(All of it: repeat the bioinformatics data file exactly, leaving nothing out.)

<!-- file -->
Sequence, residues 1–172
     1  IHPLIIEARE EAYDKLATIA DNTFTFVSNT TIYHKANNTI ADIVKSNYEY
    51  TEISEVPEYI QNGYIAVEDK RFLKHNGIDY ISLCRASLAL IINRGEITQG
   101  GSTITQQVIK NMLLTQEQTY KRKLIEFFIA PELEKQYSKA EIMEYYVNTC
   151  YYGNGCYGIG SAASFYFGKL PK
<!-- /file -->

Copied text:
Sequence, residues 1–172
     1  IHPLIIEARE EAYDKLATIA DNTFTFVSNT TIYHKANNTI ADIVKSNYEY
    51  TEISEVPEYI QNGYIAVEDK RFLKHNGIDY ISLCRASLAL IINRGEITQG
   101  GSTITQQVIK NMLLTQEQTY KRKLIEFFIA PELEKQYSKA EIMEYYVNTC
   151  YYGNGCYGIG SAASFYFGKL PK